Text & pics: Lalitha Venkat
December 31, 2014
Much has been written and discussed about dancers being unhappy over the sad state of dressing rooms in auditoriums - from their point of view. But there is always another side to any issue. From the perspective of Mr. Ramaswamy, the director of Bharatiya Vidya Bhavan, “We spend so much money on renovation and maintenance, but the dressing rooms are still messy as dancers smear the floor and furniture with alta when applying it on their hands and feet, and they also have this bad habit of sticking their sticker bindis on the mirrors. Why can’t they learn to be more considerate? When folk dance troupes perform in auditoriums, one can be assured of paan stains decorating the dressing room corners; that’s why we turn down programs featuring folk dance troupes.” Hmm. Definitely food for thought!
Post the Natya Darshan dance symposium, Kathakali Guru Sadanam Balakrishnan who won the lifetime achievement award from Kartik Fine Arts, shared a few interesting anecdotes off stage. He recalled a trip to Colombia where many international groups were featured in a festival. With a low crowd turnout, the organizers almost cancelled the rest of the shows. As luck would have it, the scenario changed for the better, so the fest continued and on the day Guru Sadanam Balakrishnan’s group performed, the hall was filled to capacity with an appreciative audience. Closer to home, he was slated to perform at NCPA in Mumbai and was asked how he ‘dared’ to showcase such a traditional dance at this particular venue. A workshop was conducted prior to the performance date and maybe it was partly due to that, the venue was overflowing with rasikas on the day of the performance. “It was so amazing. Both these instances prove that art truly has no language barriers,” he said in wonderment. Kathakali is a difficult dance form to understand and on his choice of presenting Salajjoham on the final evening of Natya Darshan, Sadanam Balakrishnan said that it was a very difficult piece, and was challenging for both the performer and the viewer.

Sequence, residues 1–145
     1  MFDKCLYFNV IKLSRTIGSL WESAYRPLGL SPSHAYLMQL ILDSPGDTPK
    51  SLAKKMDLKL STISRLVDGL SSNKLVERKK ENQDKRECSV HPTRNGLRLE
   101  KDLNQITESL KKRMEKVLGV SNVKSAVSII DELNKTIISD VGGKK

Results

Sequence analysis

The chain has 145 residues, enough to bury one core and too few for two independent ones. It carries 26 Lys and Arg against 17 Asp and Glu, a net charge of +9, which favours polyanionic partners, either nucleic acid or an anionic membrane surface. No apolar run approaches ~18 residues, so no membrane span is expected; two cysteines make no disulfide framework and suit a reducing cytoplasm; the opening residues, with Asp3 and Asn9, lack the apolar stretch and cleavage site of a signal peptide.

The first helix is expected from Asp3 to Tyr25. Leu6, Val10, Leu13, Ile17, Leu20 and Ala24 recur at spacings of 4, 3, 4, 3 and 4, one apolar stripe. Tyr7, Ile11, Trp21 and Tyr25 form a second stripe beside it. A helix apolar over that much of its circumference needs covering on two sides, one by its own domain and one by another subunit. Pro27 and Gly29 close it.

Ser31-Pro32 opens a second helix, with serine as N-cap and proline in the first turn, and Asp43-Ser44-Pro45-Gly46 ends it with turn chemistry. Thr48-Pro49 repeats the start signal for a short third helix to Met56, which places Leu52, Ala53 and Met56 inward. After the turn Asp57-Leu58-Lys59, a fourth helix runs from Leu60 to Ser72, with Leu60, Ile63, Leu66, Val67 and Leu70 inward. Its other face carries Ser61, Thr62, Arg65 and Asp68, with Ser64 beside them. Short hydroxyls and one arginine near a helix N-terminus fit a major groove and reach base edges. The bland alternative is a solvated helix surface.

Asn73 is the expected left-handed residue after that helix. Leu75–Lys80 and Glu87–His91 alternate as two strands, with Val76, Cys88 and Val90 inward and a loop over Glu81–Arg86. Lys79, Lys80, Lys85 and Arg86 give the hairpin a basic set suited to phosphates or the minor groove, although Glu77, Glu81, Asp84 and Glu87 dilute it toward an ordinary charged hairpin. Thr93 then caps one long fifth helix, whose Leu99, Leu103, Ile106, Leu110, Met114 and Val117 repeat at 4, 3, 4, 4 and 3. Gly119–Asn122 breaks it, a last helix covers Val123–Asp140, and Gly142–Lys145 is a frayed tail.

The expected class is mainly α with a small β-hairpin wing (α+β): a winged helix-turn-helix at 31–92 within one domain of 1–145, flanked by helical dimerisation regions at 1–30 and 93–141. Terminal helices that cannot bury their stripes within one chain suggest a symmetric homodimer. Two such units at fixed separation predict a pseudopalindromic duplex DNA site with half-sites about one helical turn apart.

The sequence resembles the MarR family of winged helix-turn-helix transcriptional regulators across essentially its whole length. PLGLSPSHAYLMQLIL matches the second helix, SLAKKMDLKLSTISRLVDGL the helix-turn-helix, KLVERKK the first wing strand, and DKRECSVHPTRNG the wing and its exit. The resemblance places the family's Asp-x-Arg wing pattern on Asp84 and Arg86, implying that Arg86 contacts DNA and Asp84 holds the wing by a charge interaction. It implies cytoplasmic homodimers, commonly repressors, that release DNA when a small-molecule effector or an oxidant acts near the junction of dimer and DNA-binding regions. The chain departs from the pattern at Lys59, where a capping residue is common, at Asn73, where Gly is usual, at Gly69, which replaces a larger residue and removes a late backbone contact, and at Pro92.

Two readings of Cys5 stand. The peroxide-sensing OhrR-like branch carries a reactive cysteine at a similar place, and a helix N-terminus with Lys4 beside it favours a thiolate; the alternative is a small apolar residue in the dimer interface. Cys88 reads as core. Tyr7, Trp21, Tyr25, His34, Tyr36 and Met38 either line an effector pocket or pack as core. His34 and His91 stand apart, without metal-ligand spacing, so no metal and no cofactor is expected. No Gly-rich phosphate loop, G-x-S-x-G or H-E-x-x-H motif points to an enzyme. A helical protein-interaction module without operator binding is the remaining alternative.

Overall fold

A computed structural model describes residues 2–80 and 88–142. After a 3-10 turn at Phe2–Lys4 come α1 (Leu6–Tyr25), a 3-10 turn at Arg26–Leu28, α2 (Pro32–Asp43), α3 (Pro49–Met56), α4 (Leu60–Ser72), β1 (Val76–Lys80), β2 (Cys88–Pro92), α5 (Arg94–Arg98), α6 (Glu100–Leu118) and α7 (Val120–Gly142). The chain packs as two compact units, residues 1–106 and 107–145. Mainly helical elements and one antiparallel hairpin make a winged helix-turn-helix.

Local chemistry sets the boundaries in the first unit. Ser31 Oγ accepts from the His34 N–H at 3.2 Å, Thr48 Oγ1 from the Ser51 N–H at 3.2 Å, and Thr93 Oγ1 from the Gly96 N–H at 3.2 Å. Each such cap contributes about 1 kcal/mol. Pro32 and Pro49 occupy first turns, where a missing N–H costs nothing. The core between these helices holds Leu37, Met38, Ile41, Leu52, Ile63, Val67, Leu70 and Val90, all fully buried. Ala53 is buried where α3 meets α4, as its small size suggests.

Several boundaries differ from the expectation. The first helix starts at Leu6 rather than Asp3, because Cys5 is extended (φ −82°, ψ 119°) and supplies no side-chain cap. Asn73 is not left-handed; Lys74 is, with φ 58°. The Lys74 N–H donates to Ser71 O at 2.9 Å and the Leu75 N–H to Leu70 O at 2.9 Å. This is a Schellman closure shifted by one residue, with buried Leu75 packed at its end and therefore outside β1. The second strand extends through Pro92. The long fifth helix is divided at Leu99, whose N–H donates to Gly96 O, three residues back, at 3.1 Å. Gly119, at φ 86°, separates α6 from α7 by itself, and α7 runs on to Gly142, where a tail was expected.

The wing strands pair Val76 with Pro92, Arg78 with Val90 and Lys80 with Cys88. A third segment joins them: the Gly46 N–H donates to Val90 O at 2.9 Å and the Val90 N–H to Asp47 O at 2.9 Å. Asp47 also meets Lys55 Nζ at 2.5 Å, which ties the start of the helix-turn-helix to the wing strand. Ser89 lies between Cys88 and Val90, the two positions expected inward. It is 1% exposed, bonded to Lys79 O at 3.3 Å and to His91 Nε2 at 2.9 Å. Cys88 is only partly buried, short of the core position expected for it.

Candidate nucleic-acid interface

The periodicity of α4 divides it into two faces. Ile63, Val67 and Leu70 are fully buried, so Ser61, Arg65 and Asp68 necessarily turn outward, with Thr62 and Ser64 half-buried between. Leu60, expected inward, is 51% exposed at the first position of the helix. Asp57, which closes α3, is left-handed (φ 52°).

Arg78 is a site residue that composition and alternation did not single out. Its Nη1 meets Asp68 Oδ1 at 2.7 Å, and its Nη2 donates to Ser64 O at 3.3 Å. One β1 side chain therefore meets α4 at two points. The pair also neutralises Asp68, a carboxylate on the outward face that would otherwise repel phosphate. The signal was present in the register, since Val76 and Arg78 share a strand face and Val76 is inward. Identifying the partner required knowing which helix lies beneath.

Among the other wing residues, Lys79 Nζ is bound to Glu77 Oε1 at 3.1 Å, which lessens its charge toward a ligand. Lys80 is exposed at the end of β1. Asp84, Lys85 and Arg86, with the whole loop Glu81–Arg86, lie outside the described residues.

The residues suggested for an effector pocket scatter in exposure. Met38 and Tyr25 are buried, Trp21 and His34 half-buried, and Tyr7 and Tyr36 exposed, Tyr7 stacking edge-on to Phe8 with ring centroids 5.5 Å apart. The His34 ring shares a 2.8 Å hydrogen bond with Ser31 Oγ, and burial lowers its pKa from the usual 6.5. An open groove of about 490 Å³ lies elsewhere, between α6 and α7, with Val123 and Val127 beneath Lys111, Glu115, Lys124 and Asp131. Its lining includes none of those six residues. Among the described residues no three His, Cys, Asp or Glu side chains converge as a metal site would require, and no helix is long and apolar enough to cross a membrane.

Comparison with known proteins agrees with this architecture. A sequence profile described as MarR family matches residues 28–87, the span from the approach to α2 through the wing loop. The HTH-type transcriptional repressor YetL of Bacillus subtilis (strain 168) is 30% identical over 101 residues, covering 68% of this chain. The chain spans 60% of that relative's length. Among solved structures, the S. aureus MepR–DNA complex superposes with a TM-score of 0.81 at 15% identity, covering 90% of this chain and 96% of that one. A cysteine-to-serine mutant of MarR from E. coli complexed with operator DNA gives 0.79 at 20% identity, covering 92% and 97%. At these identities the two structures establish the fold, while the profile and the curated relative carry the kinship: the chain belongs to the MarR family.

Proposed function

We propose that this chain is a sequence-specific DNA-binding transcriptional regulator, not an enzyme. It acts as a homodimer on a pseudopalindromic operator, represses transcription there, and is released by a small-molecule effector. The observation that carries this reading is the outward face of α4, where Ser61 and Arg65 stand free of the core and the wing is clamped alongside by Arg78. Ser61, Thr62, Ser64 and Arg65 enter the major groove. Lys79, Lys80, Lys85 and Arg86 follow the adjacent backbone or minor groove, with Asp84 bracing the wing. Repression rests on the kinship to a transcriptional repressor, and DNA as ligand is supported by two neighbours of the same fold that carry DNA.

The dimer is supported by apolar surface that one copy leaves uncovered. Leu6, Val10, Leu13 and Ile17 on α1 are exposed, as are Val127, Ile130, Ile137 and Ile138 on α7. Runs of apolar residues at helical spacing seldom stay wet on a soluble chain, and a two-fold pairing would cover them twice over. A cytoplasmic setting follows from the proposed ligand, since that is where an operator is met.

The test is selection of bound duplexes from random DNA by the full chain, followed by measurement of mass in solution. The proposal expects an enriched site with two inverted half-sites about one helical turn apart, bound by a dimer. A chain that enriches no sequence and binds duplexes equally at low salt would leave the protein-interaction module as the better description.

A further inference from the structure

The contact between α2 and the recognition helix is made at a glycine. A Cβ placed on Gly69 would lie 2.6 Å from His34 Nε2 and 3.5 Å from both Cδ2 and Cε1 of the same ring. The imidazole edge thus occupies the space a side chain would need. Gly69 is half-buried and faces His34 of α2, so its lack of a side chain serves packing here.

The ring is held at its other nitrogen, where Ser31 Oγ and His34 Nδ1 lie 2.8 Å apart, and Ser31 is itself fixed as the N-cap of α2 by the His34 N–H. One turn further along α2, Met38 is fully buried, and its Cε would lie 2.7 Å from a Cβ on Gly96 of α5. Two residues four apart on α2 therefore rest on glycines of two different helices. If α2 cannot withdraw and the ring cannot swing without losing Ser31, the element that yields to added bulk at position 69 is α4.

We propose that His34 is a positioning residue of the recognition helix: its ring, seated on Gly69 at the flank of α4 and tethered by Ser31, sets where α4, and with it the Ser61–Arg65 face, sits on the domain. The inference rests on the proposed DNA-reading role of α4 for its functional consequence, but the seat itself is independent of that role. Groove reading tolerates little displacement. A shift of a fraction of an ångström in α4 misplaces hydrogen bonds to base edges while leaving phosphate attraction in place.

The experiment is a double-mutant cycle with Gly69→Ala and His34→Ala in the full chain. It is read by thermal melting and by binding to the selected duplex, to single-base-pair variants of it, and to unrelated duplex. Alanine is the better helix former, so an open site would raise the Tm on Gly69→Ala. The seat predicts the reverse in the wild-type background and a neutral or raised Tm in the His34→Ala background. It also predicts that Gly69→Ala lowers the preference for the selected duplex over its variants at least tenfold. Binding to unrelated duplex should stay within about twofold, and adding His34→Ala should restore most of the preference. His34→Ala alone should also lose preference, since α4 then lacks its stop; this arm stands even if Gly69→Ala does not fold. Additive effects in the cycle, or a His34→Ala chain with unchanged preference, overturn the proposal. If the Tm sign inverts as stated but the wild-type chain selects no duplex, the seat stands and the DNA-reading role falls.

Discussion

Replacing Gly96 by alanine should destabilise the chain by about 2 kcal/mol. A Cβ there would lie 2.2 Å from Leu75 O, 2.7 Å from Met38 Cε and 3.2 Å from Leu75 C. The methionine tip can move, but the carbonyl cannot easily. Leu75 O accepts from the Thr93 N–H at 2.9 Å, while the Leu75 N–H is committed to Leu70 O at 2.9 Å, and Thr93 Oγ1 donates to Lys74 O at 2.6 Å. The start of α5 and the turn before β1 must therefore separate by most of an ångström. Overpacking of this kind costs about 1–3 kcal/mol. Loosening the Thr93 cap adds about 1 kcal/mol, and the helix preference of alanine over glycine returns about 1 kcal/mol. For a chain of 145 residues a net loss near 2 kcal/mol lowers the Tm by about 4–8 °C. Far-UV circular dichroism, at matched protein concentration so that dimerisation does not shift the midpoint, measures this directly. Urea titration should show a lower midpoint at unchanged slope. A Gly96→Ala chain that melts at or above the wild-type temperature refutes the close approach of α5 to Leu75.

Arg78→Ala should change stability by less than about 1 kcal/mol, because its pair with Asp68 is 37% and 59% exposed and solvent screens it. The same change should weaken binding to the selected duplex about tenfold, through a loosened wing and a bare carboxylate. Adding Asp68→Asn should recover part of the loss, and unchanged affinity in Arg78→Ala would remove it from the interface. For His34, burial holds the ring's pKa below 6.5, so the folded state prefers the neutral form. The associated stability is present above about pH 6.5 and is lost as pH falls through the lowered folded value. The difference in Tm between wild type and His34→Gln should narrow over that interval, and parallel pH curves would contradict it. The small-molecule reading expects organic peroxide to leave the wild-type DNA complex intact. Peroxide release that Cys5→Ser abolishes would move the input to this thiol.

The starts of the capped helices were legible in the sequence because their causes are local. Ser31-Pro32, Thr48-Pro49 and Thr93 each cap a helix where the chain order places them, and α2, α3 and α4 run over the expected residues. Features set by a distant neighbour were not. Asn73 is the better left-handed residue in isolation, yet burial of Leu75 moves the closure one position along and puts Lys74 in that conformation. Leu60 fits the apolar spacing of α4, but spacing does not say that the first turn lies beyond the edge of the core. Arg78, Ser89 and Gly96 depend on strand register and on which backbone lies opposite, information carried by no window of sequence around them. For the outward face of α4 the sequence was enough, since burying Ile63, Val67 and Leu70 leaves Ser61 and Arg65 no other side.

‘The aesthetic and social worlds of courtesan dance in south India’ was an interesting and enlightening evening of lecture and demonstration by Dr. Davesh Soneji and Dr. Yashoda Thakore at the intimate Spaces venue. The first part was a talk aided by slides of historical documents and video clips of dances by Kalavantulu of Telugu speaking courtesan community. Davesh pointed out that Dr. Muthulakshmi Reddy was the daughter of Brahmin parents Chandrammal and Narayanaswami Iyer and did not belong to the devadasi community as is being popularly misrepresented. (This reminded me of Laxmipriya Mohapatra, the wife of Kelubabu, who told us candidly when we visited her in September in Bhubaneswar that it was incorrect to say she was the first woman to perform Odissi on stage as what she knew then were just 2 items taught to her and it was not called Odissi then!). The men of the Kalavantulu supported the anti-nautch campaign as they chose to benefit from that and signed the petition by Muthulakshmi Reddy in support! Some interesting excerpts of dance by the Kalavantulu were screened, and of special interest was an elderly lady miming to a song poking fun of a man’s virility with explicit movements! Speaking on the generosity of the devadasis, Davesh said they collected their jewels and gave them to Gandhiji to help raise funds for the salt satyagraha, but he rejected them by calling them tainted! Hailing from a Kalavantulu family, Dr. Yashoda Thakore presented brief items in their style of Kuchipudi that was both charming and captivating.